George Grosz’s oil on canvas painting Eclipse of the Sun wasn’t much cared for when he painted it in 1926. It wasn’t until 1968 when it was discovered and sold to the Heckscher Museum of Art in Huntington for $15,000 that it really gained popularity. The painting is obviously extremely political and really focuses on greed, war, power, corruption and social inequality in Germany at the time. The Heckscher Museum recently almost sold it for 19 million dollars. How’s that for a gain in popularity? The museum has changed their mind on selling the painting though, and they consider the painting as, “the most famous and important painting on Long Island.”( Genocchio)
Art can be a hard thing to define, as it can be all sorts of things. Almost anything could really be considered an art in some peoples’ minds. Art can be visual or auditory and it can even be process or a product of skills. One thing almost anyone will agree with is that art is man-made and is a creative expression of ideas. A painting like George Grosz’s Eclipse of the Sun, would most likely be defined as fine art. Merriam-Webster’s Online Dictionary has two definitions for fine art. The first being, “art (as painting, sculpture, or music) concerned primarily with the creation of beautiful objects…” and the second is, “an activity requiring a fine skill.” A painting like this most certainly requires fine skill, and it really is a beautiful painting in its own way.
George Grosz was born in Berlin and was a leading member of the Dada group loacted there. He moved to New York City in 1933 to avoid persecution in Germany, and to teach at the Art Students League. In 1947 he settled in Huntington, and then he moved back to Germany in 1959 where he died very shortly after. When he came to the United States he had brought this now famous painting with him, but no one really cared for it at the time. The painting was eventually discovered, years after he had already died, rolled up in the garage of a house painter who had done work for Grosz. The museum then bought it, and it still currently resides at the Heckscher Museum.
There is so much going on in the painting that it is hard to even know where to begin, but I’ll start with the title of the painting. In the upper left hand corner of the painting there is a dark red dollar sign eclipsing the sun. This is almost certainly symbolizing money and greed. The sun being the symbol of life and growth, and being completely eclipsed by a dollar symbol is quite powerful in itself.
At the top middle of the painting is what looks to be a leader, which through a bit of research I have discovered that the man represented here is the President of the German Reich of the time, Paul von Hindenburg. Next to him is a wealthy industrialist, who is whispering to Hindenburg. Both of them are represented as very large and powerful, and with their baring teeth, they look quite evil. The men appear to be dictating to a group of headless politicians seated around a table. This seems to be showing that money and greed is fueling all of their decisions and they are blind followers of the leaders.
On the table is a donkey, with covers over its eyes, which could be symbolizing the common person blindly following their leaders. Also on the table is a bloody sword, which is likely saying that the President and wealthy industrialist have brainwashed the politicians to do whatever they please, as if they had cut off their heads. In the bottom right corner of the painting is what appears to be a prison cell with someone, possibly a child, trapped behind it. The common people have been broken down so much that they are trapped and can’t do anything to get out of a life of being poor, while the rich continue to get richer.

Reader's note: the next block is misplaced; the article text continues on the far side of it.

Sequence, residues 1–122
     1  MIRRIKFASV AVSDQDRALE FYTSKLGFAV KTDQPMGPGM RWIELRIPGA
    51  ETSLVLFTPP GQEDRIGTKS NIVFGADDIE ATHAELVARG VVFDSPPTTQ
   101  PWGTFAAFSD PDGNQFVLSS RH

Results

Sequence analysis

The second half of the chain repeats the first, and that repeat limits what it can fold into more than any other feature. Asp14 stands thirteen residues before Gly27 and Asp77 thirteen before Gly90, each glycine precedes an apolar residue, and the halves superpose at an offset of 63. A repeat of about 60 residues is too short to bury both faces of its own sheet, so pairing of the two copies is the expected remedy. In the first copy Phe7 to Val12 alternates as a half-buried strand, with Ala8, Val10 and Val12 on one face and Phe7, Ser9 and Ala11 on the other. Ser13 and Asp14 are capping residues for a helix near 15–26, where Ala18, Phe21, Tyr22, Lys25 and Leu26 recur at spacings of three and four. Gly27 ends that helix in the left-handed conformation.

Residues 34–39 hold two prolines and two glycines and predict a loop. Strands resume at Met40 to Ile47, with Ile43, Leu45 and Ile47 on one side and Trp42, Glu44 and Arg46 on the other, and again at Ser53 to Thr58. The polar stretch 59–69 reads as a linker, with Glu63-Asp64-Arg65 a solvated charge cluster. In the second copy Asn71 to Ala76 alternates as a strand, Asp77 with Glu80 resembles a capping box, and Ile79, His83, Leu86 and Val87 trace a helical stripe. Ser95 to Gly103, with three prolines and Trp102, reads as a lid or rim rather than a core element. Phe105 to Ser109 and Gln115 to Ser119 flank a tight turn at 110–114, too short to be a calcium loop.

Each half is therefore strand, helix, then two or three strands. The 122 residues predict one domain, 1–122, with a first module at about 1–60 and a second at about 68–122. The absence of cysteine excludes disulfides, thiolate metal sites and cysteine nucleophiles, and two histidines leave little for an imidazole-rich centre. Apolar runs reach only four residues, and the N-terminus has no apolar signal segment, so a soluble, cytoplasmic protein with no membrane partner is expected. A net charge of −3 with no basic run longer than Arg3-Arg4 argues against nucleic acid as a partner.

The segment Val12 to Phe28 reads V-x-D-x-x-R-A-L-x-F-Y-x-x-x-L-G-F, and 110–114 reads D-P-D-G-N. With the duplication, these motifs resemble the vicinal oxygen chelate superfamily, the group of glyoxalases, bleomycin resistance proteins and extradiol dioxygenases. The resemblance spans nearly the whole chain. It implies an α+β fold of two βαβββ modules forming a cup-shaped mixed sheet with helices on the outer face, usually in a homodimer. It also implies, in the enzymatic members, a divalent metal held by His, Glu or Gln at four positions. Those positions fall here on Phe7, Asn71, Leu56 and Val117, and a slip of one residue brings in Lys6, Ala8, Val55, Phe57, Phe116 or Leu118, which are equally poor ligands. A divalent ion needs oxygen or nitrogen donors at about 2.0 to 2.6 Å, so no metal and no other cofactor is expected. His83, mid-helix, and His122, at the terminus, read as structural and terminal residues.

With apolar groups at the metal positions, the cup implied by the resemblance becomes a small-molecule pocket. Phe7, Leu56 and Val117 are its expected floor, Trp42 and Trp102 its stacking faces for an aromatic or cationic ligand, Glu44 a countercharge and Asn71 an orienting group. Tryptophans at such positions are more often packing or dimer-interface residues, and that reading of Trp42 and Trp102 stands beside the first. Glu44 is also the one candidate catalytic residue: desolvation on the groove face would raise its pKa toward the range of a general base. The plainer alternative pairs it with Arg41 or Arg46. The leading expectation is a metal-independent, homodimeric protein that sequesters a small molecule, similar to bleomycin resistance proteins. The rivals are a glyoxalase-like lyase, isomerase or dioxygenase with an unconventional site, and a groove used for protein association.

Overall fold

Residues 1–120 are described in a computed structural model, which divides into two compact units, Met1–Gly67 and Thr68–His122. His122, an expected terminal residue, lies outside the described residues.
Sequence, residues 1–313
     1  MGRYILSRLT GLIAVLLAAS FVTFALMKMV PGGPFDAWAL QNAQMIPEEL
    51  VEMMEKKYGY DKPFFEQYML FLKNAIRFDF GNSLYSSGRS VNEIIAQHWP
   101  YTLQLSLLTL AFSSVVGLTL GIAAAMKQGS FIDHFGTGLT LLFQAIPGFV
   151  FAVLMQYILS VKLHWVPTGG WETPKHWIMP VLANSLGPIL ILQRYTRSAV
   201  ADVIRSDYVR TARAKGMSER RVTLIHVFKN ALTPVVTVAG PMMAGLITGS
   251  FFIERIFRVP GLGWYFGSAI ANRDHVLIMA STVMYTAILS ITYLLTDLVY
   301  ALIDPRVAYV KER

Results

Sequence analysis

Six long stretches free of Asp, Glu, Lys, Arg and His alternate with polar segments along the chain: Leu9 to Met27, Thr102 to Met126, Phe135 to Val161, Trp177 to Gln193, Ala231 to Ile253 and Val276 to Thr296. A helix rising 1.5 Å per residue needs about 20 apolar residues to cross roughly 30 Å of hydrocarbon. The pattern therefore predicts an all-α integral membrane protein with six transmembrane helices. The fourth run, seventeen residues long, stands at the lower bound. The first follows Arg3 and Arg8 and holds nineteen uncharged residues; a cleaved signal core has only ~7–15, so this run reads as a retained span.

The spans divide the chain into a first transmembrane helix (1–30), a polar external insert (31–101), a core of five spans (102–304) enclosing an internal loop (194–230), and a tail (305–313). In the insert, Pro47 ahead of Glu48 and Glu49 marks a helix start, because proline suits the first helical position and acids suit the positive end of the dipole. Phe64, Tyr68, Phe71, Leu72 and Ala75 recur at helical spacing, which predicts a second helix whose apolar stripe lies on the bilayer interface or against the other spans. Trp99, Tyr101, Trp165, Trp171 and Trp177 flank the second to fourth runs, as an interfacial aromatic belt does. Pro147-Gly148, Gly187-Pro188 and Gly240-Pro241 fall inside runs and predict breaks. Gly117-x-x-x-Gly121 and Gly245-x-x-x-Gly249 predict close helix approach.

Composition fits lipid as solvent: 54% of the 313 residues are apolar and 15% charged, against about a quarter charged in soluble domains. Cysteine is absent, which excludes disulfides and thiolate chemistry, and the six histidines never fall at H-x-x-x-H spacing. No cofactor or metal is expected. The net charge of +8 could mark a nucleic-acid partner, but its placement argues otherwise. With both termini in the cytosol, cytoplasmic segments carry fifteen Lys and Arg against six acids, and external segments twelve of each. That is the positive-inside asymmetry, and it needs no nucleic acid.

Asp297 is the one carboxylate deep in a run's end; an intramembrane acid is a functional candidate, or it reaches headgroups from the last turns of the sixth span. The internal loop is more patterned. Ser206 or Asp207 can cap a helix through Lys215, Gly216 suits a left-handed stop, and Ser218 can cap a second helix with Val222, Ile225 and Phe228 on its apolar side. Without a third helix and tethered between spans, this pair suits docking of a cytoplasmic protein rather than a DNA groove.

I have come to many of these conclusions of this painting through a little bit of research, but I think without even knowing anything about it, you can really get the general idea of what the artist is saying. With research it becomes even more interesting to understand exactly who he was talking about and why. George Grosz was a prominent member of the Dada art movement in Berlin at the time. The Dada group in Berlin was not as much anti-war as Dada groups in other places. Their art and their activities were very political and social, which is apparent in this painting. Many of their works involved satire and propaganda. In an art review for the New York Times, Benjamin Genocchio states, “It is basically a biting satire of Weimar-period German political and business leaders, in particular the corruption of the avaricious industrialist and president of the German Reich, Paul von Hindenburg.” (Genocchio)
The reason I chose this painting is because from the moment I glanced at it, I realized that there was just so much to it. It wasn’t something too crazy that anyone who looked at it would come up with a wildly different opinion about what it meant. If you just had a little bit of history on it, you realize exactly what the artist is saying, and he has an obvious clear message for the viewer with plenty of symbolism included. Corruption, social inequality, greed, power, war and corruption are very obvious factors in this painting and in my opinion it is a great historical piece of artwork. I mean, it was almost sold to a buyer for 19 million dollars. That’s more money than I can even comprehend.
“fine art.” Merriam-Webster Online Dictionary. 2010.Merriam-Webster Online. 05 May 2010
Genocchio, Benjamin. “ART REVIEW; Letting the ‘Sun’ Shine.” New York Times (19 February 2006) 1 May 2010. .